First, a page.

Every writer has their preferences and, for the most part, I’m happy to follow a story without getting too wound up on their choice of terms unless they’re something ridiculous, like ‘his love truncheon’ or ‘her scented love grotto’.

And I guarantee I’ll never use dialogue like, “Hey, Penelope. How’d you like to ride my purple pony to Pleasure Town?” or “Yo, Errol. Can I take that choo-choo of yours all the way to Orgasm Central?”


Another aspect of body parts is how much detail you go into when you describe them.


A couple of years ago, a guy wrote to me to say how much he’d enjoyed a cuckold story I’d written. I was actually in the middle of writing the sequel at the time, so when I replied to thank him, I offered him the chance to read what I’d written so far. He eagerly accepted and we swapped emails regarding the story until I’d finished it. One thing he suggested was that I had my hotwife mention the different smells and tastes of the bulls she experienced as she pulled back their foreskin. I confess that I didn’t follow his suggestion because I don’t find those details sexy. Where cocks are concerned, my description tends to be minimalist, leaving things to the reader’s imagination. At most, I might refer only to size, where the kink makes it relevant, or make the occasional mention of a curve one way or another. I don’t think I’ve ever specified whether or not there’s a foreskin. Where women are concerned, I tend not to go any more detailed than boob size, nipple shade and pubic hair appearance (or lack of).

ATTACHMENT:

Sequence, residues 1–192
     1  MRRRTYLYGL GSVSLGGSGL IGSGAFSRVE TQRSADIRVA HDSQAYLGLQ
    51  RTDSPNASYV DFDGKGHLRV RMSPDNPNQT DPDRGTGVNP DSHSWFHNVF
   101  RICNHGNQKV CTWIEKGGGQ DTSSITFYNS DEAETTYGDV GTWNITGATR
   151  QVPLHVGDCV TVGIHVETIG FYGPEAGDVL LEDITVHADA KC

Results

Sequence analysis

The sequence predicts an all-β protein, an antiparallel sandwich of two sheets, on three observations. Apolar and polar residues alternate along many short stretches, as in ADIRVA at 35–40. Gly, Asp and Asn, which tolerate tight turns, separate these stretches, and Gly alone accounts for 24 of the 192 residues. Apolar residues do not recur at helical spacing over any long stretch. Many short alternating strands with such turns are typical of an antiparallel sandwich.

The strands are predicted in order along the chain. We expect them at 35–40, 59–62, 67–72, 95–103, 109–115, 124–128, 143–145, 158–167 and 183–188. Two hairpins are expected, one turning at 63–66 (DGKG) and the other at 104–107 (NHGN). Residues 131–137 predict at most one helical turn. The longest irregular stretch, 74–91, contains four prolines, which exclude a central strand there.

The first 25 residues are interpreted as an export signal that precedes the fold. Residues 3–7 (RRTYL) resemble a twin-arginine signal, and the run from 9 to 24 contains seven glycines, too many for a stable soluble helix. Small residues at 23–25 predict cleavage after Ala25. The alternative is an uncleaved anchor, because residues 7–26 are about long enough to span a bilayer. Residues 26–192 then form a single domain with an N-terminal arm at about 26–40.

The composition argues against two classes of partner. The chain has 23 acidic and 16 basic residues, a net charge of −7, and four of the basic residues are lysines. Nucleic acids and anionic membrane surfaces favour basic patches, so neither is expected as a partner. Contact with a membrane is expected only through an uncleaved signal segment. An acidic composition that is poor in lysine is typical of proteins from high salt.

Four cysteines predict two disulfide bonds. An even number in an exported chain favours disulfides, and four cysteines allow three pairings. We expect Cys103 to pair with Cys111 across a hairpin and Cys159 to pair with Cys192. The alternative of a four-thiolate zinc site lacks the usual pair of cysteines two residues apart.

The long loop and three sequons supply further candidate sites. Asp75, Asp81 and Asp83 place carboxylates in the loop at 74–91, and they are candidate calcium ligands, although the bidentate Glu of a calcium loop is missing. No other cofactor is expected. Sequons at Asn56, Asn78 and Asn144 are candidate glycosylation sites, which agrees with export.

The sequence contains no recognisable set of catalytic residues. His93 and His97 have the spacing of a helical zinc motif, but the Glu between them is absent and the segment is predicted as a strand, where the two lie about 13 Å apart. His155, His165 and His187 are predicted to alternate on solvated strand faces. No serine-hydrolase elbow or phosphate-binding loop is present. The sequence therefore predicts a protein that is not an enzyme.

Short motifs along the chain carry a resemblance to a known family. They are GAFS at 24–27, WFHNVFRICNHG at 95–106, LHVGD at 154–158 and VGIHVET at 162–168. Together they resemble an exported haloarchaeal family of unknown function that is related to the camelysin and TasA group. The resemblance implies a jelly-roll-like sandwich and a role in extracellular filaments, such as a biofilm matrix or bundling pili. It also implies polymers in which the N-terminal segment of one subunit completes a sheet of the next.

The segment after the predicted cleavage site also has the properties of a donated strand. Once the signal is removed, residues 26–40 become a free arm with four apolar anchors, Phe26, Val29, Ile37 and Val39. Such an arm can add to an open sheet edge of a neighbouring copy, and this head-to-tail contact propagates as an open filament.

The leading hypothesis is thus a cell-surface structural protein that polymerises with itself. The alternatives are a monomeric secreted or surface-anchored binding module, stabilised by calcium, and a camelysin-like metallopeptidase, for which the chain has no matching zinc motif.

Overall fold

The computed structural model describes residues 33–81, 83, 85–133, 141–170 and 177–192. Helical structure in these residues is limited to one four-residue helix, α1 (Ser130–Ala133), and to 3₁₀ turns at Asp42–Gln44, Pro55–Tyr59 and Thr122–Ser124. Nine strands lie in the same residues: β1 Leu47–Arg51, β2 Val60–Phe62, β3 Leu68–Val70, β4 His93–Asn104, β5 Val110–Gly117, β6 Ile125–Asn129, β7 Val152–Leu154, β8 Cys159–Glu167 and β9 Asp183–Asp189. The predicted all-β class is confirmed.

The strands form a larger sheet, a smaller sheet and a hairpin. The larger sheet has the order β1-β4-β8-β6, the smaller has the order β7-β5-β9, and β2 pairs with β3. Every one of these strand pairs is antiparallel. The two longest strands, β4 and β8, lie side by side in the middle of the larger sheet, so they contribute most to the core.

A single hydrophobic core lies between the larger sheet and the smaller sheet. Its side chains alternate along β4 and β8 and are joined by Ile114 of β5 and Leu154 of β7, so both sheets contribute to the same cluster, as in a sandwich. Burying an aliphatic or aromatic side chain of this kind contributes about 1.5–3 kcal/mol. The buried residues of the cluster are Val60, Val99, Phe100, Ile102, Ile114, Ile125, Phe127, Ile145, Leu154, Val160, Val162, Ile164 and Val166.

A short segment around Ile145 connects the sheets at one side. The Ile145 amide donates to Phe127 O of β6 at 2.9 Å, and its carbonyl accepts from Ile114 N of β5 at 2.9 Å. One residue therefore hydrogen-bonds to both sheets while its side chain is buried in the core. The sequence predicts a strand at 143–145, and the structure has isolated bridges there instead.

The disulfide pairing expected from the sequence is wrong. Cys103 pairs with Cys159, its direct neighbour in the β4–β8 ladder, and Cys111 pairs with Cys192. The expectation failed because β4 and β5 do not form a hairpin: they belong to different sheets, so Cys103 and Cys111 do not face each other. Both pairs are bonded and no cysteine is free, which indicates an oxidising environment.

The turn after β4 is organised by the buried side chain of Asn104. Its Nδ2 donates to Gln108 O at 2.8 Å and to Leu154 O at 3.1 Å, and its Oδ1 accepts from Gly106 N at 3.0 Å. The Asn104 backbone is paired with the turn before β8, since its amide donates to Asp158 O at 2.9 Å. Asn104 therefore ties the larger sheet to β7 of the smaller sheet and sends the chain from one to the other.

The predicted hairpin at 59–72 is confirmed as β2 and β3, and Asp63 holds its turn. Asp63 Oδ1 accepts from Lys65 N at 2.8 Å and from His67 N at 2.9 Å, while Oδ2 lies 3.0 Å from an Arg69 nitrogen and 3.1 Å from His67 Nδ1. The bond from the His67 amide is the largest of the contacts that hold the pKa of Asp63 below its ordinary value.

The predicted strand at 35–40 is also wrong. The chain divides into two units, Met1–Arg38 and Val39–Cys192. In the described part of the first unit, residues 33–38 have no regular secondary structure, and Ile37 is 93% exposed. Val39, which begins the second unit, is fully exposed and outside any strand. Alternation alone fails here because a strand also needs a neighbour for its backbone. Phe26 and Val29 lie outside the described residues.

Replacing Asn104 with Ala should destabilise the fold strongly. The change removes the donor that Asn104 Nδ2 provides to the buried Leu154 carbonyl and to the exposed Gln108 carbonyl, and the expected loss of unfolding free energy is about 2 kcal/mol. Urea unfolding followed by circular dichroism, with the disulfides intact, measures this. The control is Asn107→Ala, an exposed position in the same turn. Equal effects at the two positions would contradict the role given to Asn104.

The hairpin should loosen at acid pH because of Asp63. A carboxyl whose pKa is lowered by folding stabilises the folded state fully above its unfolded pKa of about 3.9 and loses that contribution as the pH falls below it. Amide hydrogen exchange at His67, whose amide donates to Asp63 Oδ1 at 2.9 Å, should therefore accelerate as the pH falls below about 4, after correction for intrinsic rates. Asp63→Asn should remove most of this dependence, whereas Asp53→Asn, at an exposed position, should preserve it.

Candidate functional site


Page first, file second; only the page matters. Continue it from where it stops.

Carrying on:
Physical descriptions of their relative positions are important because I like to visualise the scene. I also like to read the sensations of the POV characters, and the physical reactions and expressions of the non-POV characters.


As for the emotional side: Who cares?


Just kidding. What’s going on inside the characters’ heads is a big part of the sexiness. Much of what I read and write is in the wife-sharing genre, and these stories thrive on the characters’ feelings. Whether a husband is watching his wife with another man, or the hotwife’s experiencing her bull while her husband watches, their thoughts are just as sexy to me as the slippery pink parts.


Body Fluids

Returning to the opening question, do we actually need to mention them at all?


I suppose the answer is ‘no’: I’ve read some wonderful sex-scenes where the descriptions are super-erotic without any explicit mention of the body fluids produced. Then again, the nature of the kink in the story does create some reader expectations. If you’re writing a story about creampies, or the story involves a cuckold clean-up scene, then a focus on the fluids becomes mandatory.